Through the advocacy of the Garden Justice Legal Initiative and its partners, Philadelphia City Council unanimously approved a Philadelphia Land Bank bill designed to provide a transparent, streamlined and equitable process through which the city can manage the more than 40,000 vacant properties and support a range of development and community-driven productive uses.

HAWTHORNE EMPOWERMENT COALITION ZONING RELIEF

A 32-story mixed use development was proposed by Tower Development and developer Bart Blatstein in the Hawthorne Neighborhood in South Philadelphia. Like many non-affluent neighborhoods, the community was not consulted and its desires were disregarded in this process.

Past Environmental Cases & Projects

NEW JERUSALEM

New Jerusalem, located on the west side of North Philadelphia, is a residential addiction recovery community run by Medical Mission Sisters. In the 1990s, the non-denominational organization took over vacant lots and turned them into fruit and vegetable gardens. The gardens serve as a local and fresh food source for the community as well as..

PHILLY HEALTHY SCHOOLS INITIATIVE

The average age of the School District of Philadelphia’s public school facilities is over 66 years, and decades of under-investment has resulted in nearly $5 billion of deferred maintenance, repairs, and replacement needs. As a result, students, teachers and staff have been exposed to lead in paint and drinking water, asbestos, mold, rodent and pest infestations, and lack of proper climate control.

EASTWICK ADVOCACY AND COMMUNITY DEVELOPMENT

Eastwick is a neighborhood in southwest Philadelphia. In the 1950s, the Philadelphia Redevelopment Authority condemned and seized more than 2,500 acres of land in Eastwick by eminent domain.

GARDEN JUSTICE LEGAL INITIATIVE (GJLI)

In 2011, the Public Interest Law Center launched the Garden Justice Legal Initiative (GJLI) with support from the Skadden Fellowship Foundation.

GROUNDED IN PHILLY

Grounded in Philly – www.groundedinphilly.org – started as a web mapping and organizing tool that provides access to data on vacant land throughout Philadelphia and it offers resources to individuals interested in starting or preserving community-based vacant land projects.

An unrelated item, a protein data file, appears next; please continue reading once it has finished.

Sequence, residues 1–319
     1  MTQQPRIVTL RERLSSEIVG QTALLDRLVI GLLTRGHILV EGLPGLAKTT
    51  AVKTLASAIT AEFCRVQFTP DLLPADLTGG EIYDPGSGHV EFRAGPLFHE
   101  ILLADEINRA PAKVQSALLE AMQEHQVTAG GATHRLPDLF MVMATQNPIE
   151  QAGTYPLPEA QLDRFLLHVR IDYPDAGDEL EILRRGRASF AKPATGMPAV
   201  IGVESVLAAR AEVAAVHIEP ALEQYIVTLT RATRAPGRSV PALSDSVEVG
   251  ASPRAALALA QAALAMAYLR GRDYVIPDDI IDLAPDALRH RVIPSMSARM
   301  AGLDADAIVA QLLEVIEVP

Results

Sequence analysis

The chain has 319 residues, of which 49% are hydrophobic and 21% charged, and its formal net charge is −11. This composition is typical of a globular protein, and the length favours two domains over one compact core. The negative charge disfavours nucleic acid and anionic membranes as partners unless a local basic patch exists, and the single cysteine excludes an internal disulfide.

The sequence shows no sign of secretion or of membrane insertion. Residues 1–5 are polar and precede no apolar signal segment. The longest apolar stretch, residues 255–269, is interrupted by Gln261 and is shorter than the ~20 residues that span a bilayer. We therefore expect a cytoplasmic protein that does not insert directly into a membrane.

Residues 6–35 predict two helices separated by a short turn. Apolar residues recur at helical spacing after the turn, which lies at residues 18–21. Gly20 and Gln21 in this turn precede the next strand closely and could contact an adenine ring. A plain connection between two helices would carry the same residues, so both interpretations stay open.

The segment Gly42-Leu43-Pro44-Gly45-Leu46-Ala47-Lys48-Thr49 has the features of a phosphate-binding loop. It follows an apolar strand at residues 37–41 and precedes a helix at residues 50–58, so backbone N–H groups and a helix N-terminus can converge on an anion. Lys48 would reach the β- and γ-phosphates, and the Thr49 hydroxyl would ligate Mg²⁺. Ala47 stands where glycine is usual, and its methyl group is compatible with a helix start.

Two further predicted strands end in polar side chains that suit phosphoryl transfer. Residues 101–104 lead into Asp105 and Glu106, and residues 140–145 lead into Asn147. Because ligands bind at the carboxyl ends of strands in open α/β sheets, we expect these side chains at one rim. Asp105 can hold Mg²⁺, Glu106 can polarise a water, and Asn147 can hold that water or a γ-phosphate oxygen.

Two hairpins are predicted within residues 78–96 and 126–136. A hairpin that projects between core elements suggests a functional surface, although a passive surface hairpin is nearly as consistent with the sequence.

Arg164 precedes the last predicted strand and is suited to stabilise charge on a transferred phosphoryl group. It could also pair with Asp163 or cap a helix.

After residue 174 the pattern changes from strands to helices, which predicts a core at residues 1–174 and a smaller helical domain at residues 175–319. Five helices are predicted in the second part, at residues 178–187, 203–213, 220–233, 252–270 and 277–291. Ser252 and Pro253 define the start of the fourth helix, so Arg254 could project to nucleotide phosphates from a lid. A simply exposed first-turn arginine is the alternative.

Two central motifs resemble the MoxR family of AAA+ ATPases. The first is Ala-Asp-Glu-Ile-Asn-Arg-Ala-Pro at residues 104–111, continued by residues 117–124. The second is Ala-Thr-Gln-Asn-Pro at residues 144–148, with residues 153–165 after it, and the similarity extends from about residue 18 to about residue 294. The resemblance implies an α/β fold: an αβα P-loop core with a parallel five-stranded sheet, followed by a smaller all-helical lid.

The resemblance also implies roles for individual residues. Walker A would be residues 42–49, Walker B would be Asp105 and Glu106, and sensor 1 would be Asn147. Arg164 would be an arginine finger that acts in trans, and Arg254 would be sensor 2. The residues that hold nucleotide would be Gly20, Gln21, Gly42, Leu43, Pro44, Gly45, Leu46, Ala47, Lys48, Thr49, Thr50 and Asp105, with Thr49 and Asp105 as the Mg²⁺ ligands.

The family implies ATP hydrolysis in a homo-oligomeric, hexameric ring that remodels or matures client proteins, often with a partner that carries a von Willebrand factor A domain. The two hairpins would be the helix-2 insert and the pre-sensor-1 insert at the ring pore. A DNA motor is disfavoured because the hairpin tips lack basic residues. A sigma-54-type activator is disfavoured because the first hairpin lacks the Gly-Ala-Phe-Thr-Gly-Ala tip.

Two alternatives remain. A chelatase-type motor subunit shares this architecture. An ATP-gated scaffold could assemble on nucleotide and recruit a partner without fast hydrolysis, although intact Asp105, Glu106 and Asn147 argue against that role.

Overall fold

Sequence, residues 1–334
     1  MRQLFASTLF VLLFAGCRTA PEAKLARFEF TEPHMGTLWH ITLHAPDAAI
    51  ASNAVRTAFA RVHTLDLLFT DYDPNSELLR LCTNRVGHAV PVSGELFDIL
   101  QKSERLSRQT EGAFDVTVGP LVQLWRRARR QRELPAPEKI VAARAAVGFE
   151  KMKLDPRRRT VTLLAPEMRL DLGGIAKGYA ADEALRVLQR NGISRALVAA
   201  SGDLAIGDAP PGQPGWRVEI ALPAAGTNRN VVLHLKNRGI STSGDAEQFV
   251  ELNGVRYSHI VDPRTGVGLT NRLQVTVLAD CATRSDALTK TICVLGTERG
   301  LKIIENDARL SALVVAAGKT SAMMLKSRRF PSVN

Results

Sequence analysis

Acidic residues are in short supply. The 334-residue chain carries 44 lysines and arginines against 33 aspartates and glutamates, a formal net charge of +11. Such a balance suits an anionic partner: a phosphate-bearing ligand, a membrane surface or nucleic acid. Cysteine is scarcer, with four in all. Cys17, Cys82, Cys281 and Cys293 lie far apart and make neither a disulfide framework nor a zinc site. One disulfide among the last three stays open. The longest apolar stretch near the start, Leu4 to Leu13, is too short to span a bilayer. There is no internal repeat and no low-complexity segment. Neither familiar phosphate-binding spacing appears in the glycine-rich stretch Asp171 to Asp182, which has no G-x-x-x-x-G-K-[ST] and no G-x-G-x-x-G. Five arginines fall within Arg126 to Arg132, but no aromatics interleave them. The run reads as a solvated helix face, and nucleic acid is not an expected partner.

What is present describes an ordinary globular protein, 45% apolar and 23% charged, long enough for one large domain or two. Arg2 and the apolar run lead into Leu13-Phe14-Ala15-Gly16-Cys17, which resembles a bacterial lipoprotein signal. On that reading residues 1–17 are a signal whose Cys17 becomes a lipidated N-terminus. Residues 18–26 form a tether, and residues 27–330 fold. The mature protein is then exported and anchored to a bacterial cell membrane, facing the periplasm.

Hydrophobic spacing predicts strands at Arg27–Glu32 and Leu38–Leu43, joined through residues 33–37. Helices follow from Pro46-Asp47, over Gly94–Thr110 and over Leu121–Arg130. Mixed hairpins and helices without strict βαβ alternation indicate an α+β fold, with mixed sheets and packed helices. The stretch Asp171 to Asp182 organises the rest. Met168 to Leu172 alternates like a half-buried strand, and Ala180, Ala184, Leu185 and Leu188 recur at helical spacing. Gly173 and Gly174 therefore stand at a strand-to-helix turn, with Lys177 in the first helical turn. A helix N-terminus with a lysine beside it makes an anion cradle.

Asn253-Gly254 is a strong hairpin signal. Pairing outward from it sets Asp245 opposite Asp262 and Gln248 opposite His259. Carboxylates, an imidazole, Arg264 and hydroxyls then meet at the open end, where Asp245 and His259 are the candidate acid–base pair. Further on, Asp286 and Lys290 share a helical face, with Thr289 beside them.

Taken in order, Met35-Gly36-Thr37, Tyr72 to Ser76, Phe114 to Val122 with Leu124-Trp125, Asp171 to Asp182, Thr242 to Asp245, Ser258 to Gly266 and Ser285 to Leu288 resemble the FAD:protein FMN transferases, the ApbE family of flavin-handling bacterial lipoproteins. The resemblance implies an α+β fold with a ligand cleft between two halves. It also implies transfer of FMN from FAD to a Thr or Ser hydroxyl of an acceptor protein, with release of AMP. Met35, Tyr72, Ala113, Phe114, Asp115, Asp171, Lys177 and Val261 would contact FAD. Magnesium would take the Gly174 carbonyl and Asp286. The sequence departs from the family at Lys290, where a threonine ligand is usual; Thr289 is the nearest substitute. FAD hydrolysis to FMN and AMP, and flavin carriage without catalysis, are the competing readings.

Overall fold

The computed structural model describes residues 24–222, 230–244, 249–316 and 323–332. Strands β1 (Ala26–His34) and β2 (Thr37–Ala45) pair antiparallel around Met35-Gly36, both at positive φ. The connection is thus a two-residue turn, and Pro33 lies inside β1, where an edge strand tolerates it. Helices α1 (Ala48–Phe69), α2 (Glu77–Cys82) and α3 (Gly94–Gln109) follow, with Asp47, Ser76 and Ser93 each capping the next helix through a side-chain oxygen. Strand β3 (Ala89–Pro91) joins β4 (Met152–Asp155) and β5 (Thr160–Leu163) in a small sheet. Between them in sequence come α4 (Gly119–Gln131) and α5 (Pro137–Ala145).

PHILADELPHIA LAND BANK

Through the advocacy of the Garden Justice Legal Initiative and its partners, Philadelphia City Council unanimously approved a Philadelphia Land Bank bill designed to provide a transparent, streamlined and equitable process through which the city can manage the more than 40,000 vacant properties and support a range of development and community-driven productive uses.

HAWTHORNE EMPOWERMENT COALITION ZONING RELIEF

A 32-story mixed use development was proposed by Tower Development and developer Bart Blatstein in the Hawthorne Neighborhood in South Philadelphia. Like many non-affluent neighborhoods, the community was not consulted and its desires were disregarded in this process.

PAST ENVIRONMENTAL CASES & PROJECTS

LA FINQUITA COMMUNITY FARM

Community gardeners in South Kensington claim right to land they have stewarded for 29 years by adverse possession. Members of the Philadelphia Catholic Worker, a longstanding South Kensington community-based organization, filed litigation in order to establish its ownership and gain.

SAVE US FROM FUTURE ENVIRONMENTAL RISKS (SUFFER)

In Hazelton, Pa., a developer was given a permit to fill a contaminated and abandoned mine site with over 2 million tons of unstudied waste material. Starting in 2010, the Law Center represented Save Us From Future Environmental Risks (SUFFER), a community group of concerned Hazleton citizens fighting to protect the environmental health of their community.

 

HUNTING PARK, PHILADELPHIA

Hunting Park, a low-income, largely minority neighborhood in North Philadelphia, has long been home to a disproportionate number of polluters. The Law Center first partnered with Hunting Park residents in 1986 when a company planned to open a facility to treat toxic wastes in the middle of the neighborhood. We provided legal and technical assistance, and we helped the community secure additional safeguards and citizen oversight of the facility’s emissions.

WASTE INCINERATOR IN HARRISBURG

Since the 1970s, the predominantly minority community in Harrisburg, Pa., has housed the municipal incinerator that serves the entire largely white county around Harrisburg. The incinerator, closed in 2002, for years emitted dioxins at a rate 150 times higher than other incinerators in the state.